We have heard a lot about Lewis Hamilton’s disillusionment with Formula 1 following the final ace of 2021 and the ‘possibility’ of him walking away. So it’s a question of who would be the second driver for the Mercedes team? Note, I didn’t say ‘replacement’ for Lewis.
When I was at Jordan, we had many occasions where we needed to find drivers. Not always, but usually, this was dependent on what sort of budget they could bring or what Eddie Jordan could generate because of who it was. Mercedes doesn’t have that restriction and can choose from whoever is available.
With that in mind, Nyck de Vries would be my first choice. The reason for this is that it would allow the team to focus on George Russell, who I think we all know has the credentials to lead the team and if they give him the tools win races and possibly the championship.
As his team-mate, de Vries – who without a doubt is a very talented driver – could then spend a season learning the ropes and they could head into 2023 in a very strong position with two young and hungry hotshoes. – Gary Anderson
Nico Hulkenberg’s time as a valid contender for an F1 drive has probably passed now, but in this hypothetical and surely unlikely situation, let’s give him one last shot.
This is mainly motivated by how well he did when dropped in at the deep end with Racing Point as a COVID supersub in 2020. Yes, that was a competitive car so it made his life easier, but the 2022 Mercedes should be even more formidable compared to most of the competition, and this time Hulkenberg would have a pre-season to get settled in.
A lot more time has passed since his last F1 outing, so there’d be questions about his sharpness. But this would be an extreme situation for Mercedes, so whoever it chose would be a punt. The 2022 cars being designed to a completely new rules set works in Hulkenberg’s favour, as everyone is starting with a clean sheet of paper.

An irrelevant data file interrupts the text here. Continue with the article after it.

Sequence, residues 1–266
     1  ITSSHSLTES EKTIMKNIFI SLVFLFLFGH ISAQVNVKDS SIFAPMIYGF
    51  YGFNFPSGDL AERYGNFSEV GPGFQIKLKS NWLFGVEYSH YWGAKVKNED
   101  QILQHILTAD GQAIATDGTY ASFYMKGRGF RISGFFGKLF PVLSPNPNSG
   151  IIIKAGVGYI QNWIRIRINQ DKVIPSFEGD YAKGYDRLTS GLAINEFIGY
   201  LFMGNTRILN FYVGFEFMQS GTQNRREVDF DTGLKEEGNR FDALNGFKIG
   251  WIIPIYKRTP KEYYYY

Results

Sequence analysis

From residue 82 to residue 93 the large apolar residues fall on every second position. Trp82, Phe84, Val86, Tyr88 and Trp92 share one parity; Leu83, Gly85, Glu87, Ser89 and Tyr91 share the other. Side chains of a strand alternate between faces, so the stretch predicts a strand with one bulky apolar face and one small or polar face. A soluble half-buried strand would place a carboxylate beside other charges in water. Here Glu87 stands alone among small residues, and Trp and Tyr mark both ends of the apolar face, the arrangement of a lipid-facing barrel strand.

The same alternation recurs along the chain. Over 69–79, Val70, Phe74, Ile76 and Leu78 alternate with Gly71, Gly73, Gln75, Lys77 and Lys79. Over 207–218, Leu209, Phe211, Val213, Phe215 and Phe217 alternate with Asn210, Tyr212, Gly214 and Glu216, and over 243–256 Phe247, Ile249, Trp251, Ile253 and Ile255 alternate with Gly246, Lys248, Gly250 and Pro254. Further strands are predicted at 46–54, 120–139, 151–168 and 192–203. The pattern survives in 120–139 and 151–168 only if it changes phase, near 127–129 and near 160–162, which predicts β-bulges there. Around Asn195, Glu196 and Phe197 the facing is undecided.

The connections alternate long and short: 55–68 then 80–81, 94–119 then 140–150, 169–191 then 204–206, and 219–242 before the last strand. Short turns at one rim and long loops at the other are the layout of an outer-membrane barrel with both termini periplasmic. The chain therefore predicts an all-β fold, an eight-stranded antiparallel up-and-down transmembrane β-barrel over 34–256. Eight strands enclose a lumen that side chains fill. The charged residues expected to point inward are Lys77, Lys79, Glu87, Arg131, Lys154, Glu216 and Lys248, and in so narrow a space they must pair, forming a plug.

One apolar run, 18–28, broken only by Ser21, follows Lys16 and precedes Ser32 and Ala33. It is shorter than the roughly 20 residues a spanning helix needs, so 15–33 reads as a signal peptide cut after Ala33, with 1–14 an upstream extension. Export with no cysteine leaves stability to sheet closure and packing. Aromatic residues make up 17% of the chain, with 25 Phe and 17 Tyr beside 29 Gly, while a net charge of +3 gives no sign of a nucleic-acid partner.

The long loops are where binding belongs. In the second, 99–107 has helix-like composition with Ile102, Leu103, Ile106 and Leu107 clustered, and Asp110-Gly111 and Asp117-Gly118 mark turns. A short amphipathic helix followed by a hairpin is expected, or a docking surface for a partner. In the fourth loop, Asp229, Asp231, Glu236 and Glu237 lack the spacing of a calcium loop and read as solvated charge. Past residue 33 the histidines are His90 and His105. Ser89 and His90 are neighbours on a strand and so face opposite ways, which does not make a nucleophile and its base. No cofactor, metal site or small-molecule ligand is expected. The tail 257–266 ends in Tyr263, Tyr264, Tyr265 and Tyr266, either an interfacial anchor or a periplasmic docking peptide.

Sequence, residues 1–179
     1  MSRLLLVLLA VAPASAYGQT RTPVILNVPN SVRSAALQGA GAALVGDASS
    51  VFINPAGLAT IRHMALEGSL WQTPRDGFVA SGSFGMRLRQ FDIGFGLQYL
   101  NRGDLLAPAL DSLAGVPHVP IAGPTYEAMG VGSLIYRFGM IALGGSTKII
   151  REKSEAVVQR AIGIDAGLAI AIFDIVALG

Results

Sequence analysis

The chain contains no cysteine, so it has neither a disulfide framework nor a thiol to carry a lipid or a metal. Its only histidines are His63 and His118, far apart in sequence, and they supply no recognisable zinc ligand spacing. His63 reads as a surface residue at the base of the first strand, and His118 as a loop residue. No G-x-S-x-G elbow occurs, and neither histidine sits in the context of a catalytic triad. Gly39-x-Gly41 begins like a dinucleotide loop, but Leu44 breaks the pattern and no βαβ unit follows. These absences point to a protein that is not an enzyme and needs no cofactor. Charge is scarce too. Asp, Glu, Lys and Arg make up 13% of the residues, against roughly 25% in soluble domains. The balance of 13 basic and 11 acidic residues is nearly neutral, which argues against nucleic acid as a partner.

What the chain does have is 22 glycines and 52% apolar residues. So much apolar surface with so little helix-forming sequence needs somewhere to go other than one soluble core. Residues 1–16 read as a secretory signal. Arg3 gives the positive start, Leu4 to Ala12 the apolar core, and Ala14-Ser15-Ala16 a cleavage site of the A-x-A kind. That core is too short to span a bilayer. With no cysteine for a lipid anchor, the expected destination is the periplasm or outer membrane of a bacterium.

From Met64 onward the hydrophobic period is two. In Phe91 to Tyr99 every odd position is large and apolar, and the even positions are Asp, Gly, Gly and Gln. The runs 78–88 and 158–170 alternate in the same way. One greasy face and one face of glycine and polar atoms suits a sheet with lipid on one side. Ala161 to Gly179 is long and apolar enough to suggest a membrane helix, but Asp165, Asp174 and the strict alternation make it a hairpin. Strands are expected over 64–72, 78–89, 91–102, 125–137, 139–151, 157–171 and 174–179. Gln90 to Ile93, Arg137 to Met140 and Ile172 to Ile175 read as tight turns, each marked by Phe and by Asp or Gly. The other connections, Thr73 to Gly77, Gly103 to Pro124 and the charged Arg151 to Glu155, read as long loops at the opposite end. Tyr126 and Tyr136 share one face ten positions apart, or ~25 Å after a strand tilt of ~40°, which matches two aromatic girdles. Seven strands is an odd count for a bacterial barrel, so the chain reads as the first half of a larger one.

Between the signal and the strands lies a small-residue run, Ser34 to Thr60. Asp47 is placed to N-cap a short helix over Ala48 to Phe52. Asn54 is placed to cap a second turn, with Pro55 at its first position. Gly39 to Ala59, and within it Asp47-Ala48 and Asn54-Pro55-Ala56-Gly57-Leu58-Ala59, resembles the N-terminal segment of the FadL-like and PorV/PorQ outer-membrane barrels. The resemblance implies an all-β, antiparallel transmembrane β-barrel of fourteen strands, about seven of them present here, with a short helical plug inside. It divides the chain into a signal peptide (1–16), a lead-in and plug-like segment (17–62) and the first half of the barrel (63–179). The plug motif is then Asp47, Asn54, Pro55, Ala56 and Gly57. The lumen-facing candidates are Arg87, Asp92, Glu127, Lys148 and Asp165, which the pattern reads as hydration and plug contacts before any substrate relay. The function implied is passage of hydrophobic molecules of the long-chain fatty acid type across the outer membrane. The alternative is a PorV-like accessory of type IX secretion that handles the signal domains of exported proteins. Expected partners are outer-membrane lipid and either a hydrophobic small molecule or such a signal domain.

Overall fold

Hulkenberg is a proven, reliable pair of hands with a clear turn of speed that won’t have just vanished. He’d be a solid team-mate who would be unlikely to cause a problem alongside Russell, who would have a lot on his hands by being forced into the immediate role of team leader. – Glenn Freeman
Oscar Piastri is far too good to be sitting on the sidelines this year after dominating the Formula 2 field in one of the most controlled and impressive campaigns we’ve seen in F1’s leading support series.
The F1 learning curve would be steep if he was dropped in a Mercedes, but quick adaptability has been a key strength of his three successive single-seater titles.
Fellow rookie GP2/F2 champions like Lewis Hamilton, Charles Leclerc and his hypothetical 2022 team-mate George Russell have shown it’s possible to be up to speed in a rookie campaign after just a few races.
Piastri has been a safe pair of hands throughout his junior career, rarely throwing his car off the road and always being firm but fair in wheel-to-wheel combat – something that suggests he’d be able to hold his own against F1’s elite in combat at least.
On pure pace, he’s probably not on the level of Russell, but Mercedes wouldn’t need him to be.
Buying Piastri out of his reserve Alpine role would surely be easier than it buying out some of the race drivers on the 2022 grid, and Alpine surely knows it’s going to be difficult to secure Piastri a seat in 2023 once again, with Fernando Alonso and Esteban Ocon going nowhere. – Josh Suttill